I also found that the upper mid-range voicing made guitars, cymbals and vocals in heavy‑sounding mixes homogenise, to some extent masking things like reverbs and delays, reducing my ability to differentiate and hear inside these sounds at mixdown. Of course, the inevitable power‑output limitations of such a small system don't help here, either, because mild system distortion, which might potentially go unnoticed by the inexperienced user, will further cloud things, especially in this range. In my experience working with the system in the nearfield, when volume reached a level where it became awkward simultaneously to conduct a normal conversation, the fidelity began to suffer, with drums losing their edge and basses changing their tone as distortion products crept in. To be honest, given that this is an entirely active system which isn't designed to kick out huge levels, I'd have liked the front‑panel LEDs on the speakers to have been bi‑colour, lighting red to warn of approaching overload. As it is, if you're going to use these speakers for mixing purposes, I'd advise playing it very safe with the volume levels.
Although Genelec's choice of tweeter waveguide to restrict vertical dispersion makes a lot of sense in terms of reducing phase‑cancellation problems — this is, after all, a speaker that's likely to be used on a desktop — you do need to ensure you listen on-axis vertically, because the high‑frequency character changes pretty rapidly off‑axis, especially as you move above the ideal alignment. For this reason, I felt it was a shame that the Iso‑Pod mounts wouldn't allow a greater range of backwards tilt, as even the most extreme setting didn't get the tweeters pointing at my ears properly in a typical desktop situation.
Having said that, though, I can't say I'd particularly recommend the desktop placement, as even with the EQ adjustment provided I didn't like what this did to the sound, adding a kind of slightly muddy layer and confusing balance decisions. Much better to get hold of some kind of short stand so that you can sit the boxes more at ear height, where reflections from the desk make less of an impact. Needless to say, following initial experiments, I quickly moved the speakers to stands for the bulk of my listening tests.
Adding the 5040A subwoofer into the picture strapped on another couple of octaves of frequency coverage below the crossover point of 85Hz, with the predictable increase in low‑end warmth and a surprising degree of output even towards the LF extreme — another characteristic that can contribute to subjectively more involving sonics in multimedia applications. Although setting up was a bit fiddly, as I mentioned, the provision of quite comprehensive phase‑rotation facilities does go beyond what you'd normally expect of a speaker in this price bracket and increases your flexibility somewhat, especially as far as front‑back positioning is concerned.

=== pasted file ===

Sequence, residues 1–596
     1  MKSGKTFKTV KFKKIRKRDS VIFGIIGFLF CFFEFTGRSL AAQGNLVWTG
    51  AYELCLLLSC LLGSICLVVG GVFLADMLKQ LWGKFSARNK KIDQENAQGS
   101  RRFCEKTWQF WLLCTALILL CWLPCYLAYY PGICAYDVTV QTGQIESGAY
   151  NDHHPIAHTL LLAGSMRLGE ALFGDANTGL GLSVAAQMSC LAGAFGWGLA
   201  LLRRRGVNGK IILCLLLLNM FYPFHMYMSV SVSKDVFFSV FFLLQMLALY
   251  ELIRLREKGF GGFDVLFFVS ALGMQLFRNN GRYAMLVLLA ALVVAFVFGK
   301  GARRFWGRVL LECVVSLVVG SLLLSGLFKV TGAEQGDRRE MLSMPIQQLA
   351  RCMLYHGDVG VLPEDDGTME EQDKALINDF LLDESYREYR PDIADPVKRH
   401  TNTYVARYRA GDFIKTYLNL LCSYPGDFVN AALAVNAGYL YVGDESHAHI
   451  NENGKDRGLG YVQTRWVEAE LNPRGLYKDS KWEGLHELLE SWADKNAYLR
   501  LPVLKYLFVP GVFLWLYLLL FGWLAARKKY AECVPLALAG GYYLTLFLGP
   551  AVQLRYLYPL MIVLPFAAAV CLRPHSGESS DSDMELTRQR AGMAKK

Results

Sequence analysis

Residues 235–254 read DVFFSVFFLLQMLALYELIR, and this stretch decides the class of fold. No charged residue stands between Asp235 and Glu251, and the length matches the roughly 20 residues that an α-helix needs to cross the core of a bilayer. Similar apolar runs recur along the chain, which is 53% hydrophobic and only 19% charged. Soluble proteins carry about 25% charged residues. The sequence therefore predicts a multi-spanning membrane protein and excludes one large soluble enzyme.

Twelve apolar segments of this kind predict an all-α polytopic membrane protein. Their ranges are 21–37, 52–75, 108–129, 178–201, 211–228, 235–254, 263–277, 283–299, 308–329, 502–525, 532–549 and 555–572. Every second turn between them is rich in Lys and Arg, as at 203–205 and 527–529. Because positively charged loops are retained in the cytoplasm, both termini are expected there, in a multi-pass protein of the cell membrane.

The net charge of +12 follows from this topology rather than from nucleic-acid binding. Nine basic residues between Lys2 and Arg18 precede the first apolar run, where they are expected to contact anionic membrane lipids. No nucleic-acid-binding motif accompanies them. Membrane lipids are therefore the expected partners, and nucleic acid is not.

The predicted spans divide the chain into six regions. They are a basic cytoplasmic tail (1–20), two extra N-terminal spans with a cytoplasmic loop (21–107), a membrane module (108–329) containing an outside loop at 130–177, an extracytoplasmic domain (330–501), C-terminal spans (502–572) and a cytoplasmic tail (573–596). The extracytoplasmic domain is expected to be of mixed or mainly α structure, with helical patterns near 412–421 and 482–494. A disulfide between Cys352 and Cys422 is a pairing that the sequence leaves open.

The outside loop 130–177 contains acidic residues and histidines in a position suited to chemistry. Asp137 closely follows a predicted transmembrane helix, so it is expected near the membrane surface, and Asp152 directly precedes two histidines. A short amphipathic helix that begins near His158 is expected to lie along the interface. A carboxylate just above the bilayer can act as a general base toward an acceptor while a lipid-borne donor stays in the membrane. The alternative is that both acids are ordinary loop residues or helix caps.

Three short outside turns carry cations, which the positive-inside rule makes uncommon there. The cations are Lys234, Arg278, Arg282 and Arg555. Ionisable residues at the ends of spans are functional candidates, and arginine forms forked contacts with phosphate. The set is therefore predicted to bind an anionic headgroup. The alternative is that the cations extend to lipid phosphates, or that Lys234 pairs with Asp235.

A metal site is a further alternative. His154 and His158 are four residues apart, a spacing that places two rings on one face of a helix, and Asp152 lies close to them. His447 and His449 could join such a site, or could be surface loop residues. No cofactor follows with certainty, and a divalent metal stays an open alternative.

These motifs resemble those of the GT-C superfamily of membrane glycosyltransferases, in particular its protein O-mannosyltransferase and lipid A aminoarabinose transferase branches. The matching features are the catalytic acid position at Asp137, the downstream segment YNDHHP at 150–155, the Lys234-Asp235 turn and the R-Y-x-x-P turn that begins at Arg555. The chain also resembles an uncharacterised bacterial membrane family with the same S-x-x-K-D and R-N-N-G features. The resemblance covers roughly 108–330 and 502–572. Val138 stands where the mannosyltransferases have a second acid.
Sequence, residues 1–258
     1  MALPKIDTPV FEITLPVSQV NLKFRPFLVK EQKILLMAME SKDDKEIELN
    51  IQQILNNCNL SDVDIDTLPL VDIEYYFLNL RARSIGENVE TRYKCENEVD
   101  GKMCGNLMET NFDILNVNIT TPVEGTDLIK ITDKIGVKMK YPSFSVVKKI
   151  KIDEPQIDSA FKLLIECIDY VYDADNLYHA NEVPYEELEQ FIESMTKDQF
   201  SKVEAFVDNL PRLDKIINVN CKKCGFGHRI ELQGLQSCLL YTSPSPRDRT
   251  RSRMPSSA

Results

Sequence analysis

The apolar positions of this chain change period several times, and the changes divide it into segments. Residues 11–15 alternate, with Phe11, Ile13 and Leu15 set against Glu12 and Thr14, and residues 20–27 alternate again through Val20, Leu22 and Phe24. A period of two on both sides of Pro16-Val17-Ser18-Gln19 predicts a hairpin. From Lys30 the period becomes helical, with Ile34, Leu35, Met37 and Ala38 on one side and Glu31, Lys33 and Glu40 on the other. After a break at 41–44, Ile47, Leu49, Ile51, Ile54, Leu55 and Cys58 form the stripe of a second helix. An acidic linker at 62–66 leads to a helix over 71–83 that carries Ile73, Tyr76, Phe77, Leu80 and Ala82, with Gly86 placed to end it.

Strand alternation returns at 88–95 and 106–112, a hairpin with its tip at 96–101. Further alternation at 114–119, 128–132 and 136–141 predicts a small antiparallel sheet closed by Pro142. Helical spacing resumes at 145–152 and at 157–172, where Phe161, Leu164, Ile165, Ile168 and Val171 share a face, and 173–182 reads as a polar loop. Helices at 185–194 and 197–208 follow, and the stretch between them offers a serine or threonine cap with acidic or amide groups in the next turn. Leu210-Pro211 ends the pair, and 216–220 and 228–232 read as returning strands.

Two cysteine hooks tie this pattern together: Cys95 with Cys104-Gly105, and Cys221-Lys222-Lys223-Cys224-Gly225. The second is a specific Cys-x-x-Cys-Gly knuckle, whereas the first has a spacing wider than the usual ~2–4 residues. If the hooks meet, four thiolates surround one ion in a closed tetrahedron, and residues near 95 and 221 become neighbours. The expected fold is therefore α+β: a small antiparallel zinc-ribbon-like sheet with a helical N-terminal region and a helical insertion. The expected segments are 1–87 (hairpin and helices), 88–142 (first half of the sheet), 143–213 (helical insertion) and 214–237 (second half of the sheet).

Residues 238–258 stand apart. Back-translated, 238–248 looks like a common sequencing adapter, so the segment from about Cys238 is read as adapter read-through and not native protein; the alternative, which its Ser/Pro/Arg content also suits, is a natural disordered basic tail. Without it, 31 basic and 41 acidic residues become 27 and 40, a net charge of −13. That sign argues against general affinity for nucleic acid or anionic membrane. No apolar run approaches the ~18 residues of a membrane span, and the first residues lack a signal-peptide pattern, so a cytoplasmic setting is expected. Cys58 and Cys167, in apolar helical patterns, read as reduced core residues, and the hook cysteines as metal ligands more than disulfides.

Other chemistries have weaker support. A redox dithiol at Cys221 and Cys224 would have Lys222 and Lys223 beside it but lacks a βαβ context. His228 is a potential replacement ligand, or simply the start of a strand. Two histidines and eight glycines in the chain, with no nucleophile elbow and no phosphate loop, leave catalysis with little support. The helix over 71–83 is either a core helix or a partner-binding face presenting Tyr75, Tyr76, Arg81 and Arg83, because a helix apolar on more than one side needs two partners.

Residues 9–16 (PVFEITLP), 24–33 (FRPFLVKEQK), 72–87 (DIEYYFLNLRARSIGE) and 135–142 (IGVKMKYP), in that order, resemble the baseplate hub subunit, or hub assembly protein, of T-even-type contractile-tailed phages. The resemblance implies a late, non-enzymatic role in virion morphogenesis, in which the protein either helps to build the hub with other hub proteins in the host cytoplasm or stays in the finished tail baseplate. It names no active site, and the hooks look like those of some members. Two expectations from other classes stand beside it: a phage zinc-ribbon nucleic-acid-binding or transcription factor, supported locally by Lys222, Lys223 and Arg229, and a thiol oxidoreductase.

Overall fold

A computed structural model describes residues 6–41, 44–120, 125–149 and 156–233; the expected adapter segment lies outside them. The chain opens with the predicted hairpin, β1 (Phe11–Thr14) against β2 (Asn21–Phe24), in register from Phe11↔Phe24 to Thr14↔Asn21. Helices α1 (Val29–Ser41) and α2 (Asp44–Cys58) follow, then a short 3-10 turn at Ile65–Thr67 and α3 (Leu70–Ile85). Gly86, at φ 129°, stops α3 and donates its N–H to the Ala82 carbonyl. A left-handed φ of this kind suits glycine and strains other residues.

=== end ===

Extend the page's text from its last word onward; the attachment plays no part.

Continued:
Unfortunately, though, the 5040A seemed, to me, to do a less convincing job of dealing with its porting side‑effects than the 6010A, which does compromise its abilities in the studio. Some low frequencies seemed somehow to find their way under the radar, while others acquired significant mid-range harmonics, which can bias mix balance judgements for bass instruments. The damping seemed, again, to be respectable, but there was still a considerable amount of low‑end time‑domain blurring that I found challenging when faced with processing prominent low‑end transients. In short, you can hear that stuff's going on down there, but not with enough clarity to help tremendously in a mix situation.
Overall I think that Genelec's 6010A/5040A combination is a well‑engineered package that meets the needs of multimedia applications very neatly. You get an attention‑grabbing, dynamic, larger‑than‑life sound in a small, smart, rugged system that affords lots of setup flexibility, including 5.1 surround management and level control. In addition, it is voiced much more along the lines of a studio monitor than a lot of multimedia systems from less thoroughbred stables, and may appeal more to studio denizens as a result.
The needs of multimedia are, however, to a certain extent at odds with those of recording and mixing, where more revealing and less flattering tools tend to be required. As such, I'm not sure that this system is particularly well suited to the small studio production environment, despite the considerable appeal of its sound on a purely subjective level (particularly if you like that forward mid-range tone). If mixing is a first‑time buyer's foremost priority, then their money might be better spent on a more neutral‑sounding system that isn't as eager to please.
There are lots of companies now providing stereo speakers in the price range inhabited by the 6010As, and although many multimedia speakers are much cheaper than this (and sound it!) there are a few contenders from the established names — Mackie's MR series, for example. However, if you're looking for something more suited to studio work, a couple of worthwhile alternatives to consider would be Adam's A5 and KRK's VXT4, both of which Paul White found more restrained at the low end. You can also pick up an optional subwoofer for either (ADAM Sub 7 or KRK 10S) if you want to extend to a more full‑range system roughly in line with the 6010A/5040A rig I've looked at here.